I love it too. I play myself, and I’m just trying to figure things out playing by myself and whatnot.
Exactly. That’s what we did. We didn’t have a drummer. We just played together and wrote music, and figured it out. We were searching for a solid drummer for a long time. As long as people are into metal, they can make it happen. Metal’s so underground: you’re not trying to be a rock star. You’re doing it because you love it, and everyone into metal knows that. You don’t jump into this when you’re trying to make money. And that’s why it’s such a great community, and why everyone understands each other and loves it so much. Those Threat Signal tattoos people are getting? That’s amazing. Holy shit. To have someone tattoo your logo? That’s incredible.
Yeah man. It’s great, and more people are getting into it nowadays too, especially with the djent movement and stuff. The scene’s expanding, and even if a lot of people are still unaware of it or are unwilling to approach it, there are more people getting into metal all the time. Was there anything else you wanted to mention?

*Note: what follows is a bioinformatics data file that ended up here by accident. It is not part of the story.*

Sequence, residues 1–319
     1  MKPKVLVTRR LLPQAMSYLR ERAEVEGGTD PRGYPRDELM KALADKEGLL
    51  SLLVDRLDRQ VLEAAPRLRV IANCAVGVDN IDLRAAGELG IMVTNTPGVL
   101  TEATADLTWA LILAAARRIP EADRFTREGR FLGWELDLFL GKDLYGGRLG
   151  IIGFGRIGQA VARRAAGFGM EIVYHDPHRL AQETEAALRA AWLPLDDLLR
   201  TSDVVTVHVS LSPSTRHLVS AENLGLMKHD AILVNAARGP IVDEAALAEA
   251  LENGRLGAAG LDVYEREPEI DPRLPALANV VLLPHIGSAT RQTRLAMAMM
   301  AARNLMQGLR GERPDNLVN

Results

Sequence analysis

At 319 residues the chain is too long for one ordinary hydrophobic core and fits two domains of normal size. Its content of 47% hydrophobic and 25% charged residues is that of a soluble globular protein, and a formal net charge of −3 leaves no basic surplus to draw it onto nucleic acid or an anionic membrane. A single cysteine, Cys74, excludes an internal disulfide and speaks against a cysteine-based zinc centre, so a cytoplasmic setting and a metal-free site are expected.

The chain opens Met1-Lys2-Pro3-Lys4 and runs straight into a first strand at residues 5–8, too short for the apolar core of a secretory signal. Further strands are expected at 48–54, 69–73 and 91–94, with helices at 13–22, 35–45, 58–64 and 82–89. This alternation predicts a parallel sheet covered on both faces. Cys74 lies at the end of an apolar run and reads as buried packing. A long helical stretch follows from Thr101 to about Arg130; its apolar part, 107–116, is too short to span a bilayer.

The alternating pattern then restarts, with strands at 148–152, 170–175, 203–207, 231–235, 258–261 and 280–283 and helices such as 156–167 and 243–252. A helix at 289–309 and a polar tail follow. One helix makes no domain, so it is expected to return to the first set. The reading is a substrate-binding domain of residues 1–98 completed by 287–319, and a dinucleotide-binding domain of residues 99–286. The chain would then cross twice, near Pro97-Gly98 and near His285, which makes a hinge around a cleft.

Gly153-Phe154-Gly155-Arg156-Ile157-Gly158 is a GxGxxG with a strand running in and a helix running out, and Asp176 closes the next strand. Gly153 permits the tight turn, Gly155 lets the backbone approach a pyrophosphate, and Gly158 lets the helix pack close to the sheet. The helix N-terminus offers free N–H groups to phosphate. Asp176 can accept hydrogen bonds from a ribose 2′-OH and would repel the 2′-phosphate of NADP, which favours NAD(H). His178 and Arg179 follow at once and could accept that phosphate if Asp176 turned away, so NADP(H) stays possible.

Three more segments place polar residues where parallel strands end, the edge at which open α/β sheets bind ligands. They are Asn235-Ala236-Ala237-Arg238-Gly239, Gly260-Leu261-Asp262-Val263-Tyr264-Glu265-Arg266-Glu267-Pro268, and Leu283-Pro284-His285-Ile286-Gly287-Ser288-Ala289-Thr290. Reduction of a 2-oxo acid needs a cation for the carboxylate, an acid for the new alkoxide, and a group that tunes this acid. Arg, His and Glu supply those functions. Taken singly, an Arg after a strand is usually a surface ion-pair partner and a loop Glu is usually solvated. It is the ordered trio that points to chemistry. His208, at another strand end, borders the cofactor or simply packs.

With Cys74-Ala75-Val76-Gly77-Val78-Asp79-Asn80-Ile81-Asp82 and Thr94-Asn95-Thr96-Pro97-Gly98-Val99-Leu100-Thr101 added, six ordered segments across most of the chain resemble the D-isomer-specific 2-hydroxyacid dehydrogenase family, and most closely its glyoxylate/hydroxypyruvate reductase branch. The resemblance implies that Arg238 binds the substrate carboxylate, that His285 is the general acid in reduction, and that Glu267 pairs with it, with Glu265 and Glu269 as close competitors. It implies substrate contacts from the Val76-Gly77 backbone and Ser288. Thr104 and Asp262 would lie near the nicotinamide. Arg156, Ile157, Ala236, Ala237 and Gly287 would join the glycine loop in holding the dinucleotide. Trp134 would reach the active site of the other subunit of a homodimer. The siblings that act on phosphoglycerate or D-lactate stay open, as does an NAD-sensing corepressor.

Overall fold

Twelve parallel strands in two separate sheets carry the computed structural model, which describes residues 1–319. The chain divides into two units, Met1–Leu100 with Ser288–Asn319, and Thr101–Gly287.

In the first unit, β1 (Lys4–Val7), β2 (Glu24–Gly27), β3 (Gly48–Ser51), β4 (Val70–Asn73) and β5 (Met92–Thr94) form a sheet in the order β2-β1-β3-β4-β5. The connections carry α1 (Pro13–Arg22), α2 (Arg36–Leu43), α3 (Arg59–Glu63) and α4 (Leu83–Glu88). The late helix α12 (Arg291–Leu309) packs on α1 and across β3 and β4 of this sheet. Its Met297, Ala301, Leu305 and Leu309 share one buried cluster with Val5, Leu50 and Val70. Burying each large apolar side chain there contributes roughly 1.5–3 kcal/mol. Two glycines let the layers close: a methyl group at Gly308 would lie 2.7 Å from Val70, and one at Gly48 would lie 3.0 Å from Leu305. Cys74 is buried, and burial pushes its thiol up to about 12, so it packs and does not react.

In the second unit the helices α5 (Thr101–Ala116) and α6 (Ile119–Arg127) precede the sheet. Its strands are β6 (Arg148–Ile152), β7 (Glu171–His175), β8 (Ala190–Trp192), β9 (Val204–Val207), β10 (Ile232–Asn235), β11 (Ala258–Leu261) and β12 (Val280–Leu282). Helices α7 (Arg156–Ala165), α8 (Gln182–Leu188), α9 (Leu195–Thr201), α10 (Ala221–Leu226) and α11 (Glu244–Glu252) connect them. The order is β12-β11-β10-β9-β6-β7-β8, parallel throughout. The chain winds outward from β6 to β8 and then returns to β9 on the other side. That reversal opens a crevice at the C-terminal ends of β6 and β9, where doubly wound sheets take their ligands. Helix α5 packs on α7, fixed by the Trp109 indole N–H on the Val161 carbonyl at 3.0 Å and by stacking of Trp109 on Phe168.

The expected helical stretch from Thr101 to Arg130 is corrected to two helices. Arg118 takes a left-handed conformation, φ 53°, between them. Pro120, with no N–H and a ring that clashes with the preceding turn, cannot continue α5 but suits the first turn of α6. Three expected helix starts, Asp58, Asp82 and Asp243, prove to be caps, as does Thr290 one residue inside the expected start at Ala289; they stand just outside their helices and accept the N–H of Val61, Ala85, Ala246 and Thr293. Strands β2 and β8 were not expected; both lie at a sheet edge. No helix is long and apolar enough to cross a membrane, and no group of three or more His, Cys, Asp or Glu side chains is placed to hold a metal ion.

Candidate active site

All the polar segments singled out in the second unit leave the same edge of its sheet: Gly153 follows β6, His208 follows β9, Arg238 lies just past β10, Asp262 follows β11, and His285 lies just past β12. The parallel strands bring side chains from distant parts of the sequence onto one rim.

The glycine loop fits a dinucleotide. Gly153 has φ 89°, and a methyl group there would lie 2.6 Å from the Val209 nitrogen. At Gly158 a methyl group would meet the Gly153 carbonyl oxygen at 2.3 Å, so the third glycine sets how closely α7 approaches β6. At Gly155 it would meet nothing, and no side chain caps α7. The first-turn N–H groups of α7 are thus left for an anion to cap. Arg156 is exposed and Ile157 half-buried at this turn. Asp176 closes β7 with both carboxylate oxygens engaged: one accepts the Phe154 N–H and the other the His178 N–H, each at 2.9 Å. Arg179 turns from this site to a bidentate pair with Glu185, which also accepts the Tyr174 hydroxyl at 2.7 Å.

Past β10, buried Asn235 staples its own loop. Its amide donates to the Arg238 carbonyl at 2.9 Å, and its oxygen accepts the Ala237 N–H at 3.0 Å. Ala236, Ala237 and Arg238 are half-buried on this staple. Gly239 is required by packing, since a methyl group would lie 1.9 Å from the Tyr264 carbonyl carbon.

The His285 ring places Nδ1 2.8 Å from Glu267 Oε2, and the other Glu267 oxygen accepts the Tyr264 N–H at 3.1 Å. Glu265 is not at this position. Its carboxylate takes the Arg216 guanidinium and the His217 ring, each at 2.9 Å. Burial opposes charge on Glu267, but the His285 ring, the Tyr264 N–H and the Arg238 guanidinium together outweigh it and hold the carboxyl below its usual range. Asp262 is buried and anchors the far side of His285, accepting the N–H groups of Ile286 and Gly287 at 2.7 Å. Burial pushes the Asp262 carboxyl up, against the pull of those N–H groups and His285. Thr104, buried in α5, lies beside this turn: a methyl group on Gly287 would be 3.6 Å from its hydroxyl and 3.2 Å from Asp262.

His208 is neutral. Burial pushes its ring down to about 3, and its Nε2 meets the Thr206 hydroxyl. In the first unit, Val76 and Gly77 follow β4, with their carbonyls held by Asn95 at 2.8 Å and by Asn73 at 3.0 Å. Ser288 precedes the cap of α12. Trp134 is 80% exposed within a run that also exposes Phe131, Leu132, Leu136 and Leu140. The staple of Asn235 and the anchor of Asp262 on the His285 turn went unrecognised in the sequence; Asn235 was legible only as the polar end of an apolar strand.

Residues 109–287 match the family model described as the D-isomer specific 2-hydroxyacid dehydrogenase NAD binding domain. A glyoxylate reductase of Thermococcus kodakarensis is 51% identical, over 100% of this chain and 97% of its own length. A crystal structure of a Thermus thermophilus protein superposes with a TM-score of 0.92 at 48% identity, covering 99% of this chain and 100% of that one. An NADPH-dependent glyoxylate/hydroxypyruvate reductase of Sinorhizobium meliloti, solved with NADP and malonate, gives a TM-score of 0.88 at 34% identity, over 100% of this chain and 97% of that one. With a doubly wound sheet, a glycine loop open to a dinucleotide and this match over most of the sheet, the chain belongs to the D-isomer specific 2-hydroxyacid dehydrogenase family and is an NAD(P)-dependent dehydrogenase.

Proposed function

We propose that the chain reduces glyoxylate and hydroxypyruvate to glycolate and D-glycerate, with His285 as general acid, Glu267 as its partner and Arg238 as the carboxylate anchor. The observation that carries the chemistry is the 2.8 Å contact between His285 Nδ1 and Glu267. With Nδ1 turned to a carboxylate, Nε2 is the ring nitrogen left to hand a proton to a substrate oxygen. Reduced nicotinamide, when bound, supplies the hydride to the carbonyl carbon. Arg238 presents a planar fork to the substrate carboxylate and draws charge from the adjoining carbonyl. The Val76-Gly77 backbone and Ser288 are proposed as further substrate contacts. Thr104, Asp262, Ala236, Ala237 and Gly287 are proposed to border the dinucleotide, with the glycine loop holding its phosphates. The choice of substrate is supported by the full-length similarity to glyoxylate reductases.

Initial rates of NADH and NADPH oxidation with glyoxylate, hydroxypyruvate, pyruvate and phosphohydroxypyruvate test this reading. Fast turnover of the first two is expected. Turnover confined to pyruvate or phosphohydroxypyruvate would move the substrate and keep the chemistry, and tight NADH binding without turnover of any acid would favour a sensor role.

I’d just like to thank you for having me on your website and everything. It’s really cool. You actually pay attention to Threat Signal and give a fuck. Hopefully you won’t rip on us too much. I remember we got ripped to shit on your site for Vigilance, actually. It made me laugh. Any publicity is good publicity.
Threat Signal’s self-titled new release is out now on Century Media.